Protista See PROTOCTISTA. proto-Atlantic See lapetus ocean. protocooperation (facultative mutualism) An interaction between organisms of different species in which both organisms benefit, but neither is dependent on the relationship.

Google previewA Dictionary of Plant Sciences (2012)

by Michael Allaby

Protista See PROTOCTISTA. protoco-operation An interaction of species populations in which both populations benefit, but neither is dependent on the relationship. Compare MUTUALISM. protocorm A *tuber structure that develops from the ...

Google previewThe Facts on File Dictionary of Evolutionary Biology (2009)

by Elizabeth Owen, Eve Daintith

The Protista proved problematical because it contained unicellular organisms formerly classified as plants or animals, plus organisms such as Euglena, that could be placed in both kingdoms. Two US biologists, Lynn MARGULIS and Karlene ...

Google previewInternational Encyclopaedia of Engineering and Technology (2007)

by M N Doja

protista The taxonomic Kingdom from which the other three eukaryotic kingdoms (Fungi, Animalia and ...

Google previewThe Dictionary of Physical Geography (2013)

by David S. G. Thomas, Andrew S. Goudie

Protista. Acellular organisms mostly lacking chlorophyll: flagellates (some of which do possess chlorophyll), amoebae, foraminifera, sporozoans, ciliates. Some of these form colonies, being incipiently multicelled.

Google previewThe Encyclopaedic Dictionary (1903)

An Original Work of Reference to the Words in the English Language, Giving a Full Account of Their Origin, Meaning, Pronunciation, and Use by Robert Hunter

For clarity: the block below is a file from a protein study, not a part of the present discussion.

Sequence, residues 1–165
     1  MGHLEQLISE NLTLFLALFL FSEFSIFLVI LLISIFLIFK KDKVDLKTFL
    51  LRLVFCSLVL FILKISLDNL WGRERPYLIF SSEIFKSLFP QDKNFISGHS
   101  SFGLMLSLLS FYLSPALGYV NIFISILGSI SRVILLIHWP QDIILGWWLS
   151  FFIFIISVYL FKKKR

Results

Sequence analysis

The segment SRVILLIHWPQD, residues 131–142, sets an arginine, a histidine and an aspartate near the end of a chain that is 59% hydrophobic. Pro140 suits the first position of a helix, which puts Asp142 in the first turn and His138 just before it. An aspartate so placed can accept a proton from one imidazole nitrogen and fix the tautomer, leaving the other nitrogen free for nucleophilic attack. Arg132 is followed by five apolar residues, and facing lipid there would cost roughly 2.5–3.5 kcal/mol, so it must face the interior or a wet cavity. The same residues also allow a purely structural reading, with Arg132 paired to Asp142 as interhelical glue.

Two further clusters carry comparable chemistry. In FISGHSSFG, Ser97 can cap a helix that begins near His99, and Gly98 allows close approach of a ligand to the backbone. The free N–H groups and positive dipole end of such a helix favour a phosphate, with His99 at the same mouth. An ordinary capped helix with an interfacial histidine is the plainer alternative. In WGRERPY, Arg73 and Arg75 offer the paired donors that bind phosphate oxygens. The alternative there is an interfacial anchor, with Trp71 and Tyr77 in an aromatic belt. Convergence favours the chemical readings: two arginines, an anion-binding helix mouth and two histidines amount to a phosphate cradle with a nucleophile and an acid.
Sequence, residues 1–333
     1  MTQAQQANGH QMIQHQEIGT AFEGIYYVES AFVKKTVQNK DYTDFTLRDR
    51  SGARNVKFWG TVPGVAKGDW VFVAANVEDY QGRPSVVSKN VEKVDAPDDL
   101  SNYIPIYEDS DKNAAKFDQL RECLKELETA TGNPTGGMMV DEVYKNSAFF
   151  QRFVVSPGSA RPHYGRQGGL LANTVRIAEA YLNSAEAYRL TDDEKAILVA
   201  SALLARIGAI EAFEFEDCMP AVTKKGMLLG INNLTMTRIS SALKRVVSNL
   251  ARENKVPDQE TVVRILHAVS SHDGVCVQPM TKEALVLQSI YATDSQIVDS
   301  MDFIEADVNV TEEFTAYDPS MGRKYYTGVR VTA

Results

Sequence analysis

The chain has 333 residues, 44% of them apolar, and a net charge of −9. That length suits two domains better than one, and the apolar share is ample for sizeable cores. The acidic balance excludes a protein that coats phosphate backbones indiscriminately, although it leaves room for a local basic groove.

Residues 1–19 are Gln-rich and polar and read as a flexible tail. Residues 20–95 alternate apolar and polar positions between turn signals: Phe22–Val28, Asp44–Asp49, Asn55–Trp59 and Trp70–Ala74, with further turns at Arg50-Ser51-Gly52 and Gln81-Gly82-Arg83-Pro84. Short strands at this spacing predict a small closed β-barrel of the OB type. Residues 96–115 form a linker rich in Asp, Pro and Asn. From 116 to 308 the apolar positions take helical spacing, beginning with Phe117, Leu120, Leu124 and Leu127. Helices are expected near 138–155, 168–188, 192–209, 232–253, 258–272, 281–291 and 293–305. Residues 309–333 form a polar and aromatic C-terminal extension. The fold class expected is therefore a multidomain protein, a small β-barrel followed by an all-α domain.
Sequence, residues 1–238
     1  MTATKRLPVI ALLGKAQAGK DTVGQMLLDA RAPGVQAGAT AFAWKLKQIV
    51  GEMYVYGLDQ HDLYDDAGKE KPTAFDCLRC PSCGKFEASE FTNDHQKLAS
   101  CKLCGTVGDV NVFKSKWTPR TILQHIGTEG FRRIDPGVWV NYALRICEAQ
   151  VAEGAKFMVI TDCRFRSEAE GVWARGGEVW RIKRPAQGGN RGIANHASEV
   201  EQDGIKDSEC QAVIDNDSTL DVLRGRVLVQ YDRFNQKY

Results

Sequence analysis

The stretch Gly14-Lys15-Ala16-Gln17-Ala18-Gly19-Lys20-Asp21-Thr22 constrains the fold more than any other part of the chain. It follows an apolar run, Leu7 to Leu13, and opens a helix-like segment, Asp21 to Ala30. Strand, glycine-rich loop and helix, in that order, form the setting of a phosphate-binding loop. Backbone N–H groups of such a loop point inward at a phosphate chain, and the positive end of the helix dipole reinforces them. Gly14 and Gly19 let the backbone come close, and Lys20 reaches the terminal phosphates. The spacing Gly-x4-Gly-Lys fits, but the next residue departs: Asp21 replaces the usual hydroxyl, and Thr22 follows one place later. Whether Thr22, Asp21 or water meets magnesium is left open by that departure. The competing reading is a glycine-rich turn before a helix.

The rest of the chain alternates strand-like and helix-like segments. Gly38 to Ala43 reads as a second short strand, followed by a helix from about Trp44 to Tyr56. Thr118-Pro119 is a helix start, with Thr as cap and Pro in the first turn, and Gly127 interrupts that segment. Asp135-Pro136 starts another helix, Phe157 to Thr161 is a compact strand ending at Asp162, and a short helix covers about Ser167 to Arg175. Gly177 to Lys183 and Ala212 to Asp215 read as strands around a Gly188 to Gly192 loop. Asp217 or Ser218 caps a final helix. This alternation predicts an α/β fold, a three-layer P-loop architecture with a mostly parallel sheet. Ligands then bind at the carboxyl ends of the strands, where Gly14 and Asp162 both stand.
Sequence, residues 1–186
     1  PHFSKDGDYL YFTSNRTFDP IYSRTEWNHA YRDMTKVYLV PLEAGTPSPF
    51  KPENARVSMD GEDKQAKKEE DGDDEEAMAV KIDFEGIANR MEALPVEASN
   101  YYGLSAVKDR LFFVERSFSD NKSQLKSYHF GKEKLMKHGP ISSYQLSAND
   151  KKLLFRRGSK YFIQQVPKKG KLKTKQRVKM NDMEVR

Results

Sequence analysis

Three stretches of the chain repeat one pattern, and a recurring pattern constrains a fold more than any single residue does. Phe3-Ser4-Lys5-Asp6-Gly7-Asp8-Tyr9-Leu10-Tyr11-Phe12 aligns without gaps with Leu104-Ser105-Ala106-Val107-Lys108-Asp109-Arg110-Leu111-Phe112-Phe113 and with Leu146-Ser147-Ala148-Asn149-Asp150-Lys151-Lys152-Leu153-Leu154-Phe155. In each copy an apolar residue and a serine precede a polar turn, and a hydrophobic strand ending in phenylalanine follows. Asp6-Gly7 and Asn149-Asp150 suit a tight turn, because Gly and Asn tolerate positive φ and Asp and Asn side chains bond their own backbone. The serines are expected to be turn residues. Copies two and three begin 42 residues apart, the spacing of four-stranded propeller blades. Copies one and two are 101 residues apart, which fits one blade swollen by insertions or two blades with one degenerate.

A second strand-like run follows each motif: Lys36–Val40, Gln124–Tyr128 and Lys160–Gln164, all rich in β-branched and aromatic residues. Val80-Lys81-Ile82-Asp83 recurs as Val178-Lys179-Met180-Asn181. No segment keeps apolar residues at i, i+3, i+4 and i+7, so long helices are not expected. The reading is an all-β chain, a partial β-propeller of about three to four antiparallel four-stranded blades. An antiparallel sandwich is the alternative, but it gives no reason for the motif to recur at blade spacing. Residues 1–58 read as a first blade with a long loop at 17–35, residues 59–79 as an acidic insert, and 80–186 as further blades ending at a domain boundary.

Pertaining to, connected with, or having t e characteristics of, the Protista [V. 696]. B. As subst. : Any individual of the Proflsta (V. 695]; a unicellular animal or plant. " The modes of reproduction among Protisu are many and variousf—Namral ...

Google previewThe Encyclopaedia Britannica (1911)

A Dictionary of Arts, Sciences, Literature and General Information

PROTISTA, a name invented by Ernst Haeckel (Generelle Morphologie der Organismen, 1866) to denote a group of organisms supposed to be intermediate between the animal and vegetable kingdoms. As knowledge advanced the precise ...

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Protista

Protista Borosilicata

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Scrabble value of P3R1O1T1I1S1T1A1

The value of this 8-letter word is 10 points, but it's not an accepted word in the Official Scrabble Players Dictionary.

Anagrams of PROTISTA